American Indian Empowerment Act Introduced

American Indian Empowerment Act Introduced

Rob Capriccioso
12/1/11

WASHINGTON – A newly introduced piece of legislation promises stronger tribal control over Indian lands.

The American Indian Empowerment Act of 2011, H.R. 3532, was introduced in the U.S. House of Representatives December 1. It would allow a tribe to request that the title to its tribal land be taken out of trust and conveyed to the tribe while also ensuring such lands retain their Indian country status. It would also permit a tribe to lease its lands without having to gain approval from the Secretary of the Interior. And it would grant a tribe the ability to pass tribal laws that preempt applicable federal laws or regulations governing the tribe’s land.

“For far too long, the federal government has stood in the way of our Native people instead of empowering them,” said Rep. Don Young, chairman of the Subcommittee on Indian and Alaska Native Affairs and a co-sponsor of the bill.

“This bill is going to change that by empowering America’s first people to use their lands the way they see fit,” he added in a statement. “For those who say this legislation is too ‘radical’, I say that that’s exactly what is needed. America’s tribes are sitting on valuable lands that contain countless resources, yet every time they try to develop that land, the Federal Government is standing in their way playing big brother.”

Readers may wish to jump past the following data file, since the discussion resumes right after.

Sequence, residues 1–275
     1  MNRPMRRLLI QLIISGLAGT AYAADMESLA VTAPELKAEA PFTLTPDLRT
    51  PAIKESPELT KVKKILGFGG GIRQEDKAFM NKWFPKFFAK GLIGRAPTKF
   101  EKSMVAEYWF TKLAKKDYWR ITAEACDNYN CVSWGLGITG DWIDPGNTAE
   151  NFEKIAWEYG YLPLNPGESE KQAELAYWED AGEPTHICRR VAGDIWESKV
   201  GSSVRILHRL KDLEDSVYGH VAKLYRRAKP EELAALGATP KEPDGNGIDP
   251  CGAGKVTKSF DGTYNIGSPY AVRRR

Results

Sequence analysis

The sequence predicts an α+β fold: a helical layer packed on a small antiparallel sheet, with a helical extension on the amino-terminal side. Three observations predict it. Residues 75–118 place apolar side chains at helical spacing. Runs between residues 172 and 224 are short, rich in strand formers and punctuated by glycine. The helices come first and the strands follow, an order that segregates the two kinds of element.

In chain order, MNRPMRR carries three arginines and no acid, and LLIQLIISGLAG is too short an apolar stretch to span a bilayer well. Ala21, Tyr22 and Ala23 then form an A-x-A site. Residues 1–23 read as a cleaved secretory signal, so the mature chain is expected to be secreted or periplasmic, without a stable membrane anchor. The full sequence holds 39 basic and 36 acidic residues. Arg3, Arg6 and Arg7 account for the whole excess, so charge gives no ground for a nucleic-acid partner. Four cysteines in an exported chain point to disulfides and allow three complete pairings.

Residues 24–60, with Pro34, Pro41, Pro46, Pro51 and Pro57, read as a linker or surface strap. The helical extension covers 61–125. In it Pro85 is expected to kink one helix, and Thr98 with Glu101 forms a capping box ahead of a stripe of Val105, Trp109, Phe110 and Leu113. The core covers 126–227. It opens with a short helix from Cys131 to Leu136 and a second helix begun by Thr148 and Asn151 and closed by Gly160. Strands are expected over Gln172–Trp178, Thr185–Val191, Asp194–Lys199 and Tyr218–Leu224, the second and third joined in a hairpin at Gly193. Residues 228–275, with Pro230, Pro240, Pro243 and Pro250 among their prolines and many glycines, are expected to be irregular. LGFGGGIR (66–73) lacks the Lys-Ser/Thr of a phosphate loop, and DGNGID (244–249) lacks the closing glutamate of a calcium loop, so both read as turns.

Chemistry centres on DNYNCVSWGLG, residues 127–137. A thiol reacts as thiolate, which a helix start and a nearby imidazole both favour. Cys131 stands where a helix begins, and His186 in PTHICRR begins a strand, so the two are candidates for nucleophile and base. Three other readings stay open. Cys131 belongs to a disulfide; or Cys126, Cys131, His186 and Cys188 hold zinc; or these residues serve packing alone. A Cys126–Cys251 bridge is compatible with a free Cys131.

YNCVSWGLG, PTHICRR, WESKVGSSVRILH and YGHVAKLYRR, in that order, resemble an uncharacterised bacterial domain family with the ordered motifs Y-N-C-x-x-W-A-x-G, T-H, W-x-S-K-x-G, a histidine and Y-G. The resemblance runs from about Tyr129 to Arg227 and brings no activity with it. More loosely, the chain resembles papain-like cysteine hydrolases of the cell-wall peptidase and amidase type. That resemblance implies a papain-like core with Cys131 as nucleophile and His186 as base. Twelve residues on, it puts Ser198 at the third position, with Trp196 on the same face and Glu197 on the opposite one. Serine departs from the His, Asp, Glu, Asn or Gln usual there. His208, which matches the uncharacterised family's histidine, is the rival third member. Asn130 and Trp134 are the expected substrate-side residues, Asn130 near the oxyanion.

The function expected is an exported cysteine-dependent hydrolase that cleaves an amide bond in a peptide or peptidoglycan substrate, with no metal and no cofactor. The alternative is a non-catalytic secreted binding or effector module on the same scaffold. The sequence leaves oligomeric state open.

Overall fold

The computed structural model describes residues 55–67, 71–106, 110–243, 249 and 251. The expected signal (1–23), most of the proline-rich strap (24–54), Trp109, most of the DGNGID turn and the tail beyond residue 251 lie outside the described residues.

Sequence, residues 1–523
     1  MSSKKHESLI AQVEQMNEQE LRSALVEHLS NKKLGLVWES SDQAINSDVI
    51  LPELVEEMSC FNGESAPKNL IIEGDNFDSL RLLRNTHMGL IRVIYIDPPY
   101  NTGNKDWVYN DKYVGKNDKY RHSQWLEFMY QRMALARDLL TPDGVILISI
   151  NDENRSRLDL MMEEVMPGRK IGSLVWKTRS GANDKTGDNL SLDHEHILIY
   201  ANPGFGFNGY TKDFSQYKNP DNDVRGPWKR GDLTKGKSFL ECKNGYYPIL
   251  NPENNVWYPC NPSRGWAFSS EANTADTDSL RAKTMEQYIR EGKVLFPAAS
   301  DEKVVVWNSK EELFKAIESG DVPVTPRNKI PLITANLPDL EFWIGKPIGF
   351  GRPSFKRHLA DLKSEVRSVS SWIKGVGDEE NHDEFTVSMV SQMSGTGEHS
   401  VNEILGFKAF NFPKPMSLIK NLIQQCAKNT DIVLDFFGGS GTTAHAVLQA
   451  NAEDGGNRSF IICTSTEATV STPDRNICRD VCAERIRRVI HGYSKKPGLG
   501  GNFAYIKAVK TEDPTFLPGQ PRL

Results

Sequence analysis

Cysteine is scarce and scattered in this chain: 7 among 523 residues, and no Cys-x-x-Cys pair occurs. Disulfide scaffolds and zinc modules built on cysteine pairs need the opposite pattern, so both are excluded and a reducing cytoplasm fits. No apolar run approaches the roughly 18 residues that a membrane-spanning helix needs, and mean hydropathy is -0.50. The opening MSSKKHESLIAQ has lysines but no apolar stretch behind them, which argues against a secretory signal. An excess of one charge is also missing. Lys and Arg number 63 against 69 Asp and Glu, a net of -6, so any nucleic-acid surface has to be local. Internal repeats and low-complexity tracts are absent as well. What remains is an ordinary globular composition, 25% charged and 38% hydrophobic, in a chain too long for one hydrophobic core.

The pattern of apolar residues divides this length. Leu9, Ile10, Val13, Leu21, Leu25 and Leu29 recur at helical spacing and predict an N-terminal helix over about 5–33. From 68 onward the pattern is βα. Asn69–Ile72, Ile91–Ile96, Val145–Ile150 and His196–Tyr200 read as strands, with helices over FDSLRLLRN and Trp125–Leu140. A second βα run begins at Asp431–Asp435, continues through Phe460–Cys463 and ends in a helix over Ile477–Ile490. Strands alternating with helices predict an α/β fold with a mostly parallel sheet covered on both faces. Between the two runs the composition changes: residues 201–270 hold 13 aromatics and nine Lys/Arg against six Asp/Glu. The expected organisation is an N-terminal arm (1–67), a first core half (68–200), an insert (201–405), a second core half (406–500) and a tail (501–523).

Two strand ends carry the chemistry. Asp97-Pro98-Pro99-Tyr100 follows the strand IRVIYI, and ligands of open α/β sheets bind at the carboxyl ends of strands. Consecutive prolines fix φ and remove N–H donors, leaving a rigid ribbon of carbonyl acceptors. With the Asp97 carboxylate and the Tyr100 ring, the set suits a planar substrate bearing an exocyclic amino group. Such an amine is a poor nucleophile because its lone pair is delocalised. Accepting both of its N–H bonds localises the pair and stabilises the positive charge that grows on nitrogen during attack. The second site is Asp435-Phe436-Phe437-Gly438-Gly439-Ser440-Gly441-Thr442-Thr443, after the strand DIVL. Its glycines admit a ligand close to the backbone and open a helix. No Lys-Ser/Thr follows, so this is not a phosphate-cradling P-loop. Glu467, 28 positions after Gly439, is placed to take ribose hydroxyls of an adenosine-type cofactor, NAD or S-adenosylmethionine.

Dan Boren, D-Oklahoma, co-sponsored the legislation, and he and Young will work together to pass it in a bipartisan fashion.

“I am pleased to work with Chairman Young on this bill, which would bring more sovereignty to tribes across the country,” said Boren in a statement. “The bill would strengthen the ability of our Native people to use their land as they choose, transferring responsibility from the Federal government to the people.  I look forward to working with Chairman Young and the rest of the subcommittee to pass this bill and ensure our promises to all Native people are kept. ”

Young’s office said the bill was drafted after gathering input from tribal leaders across the country.

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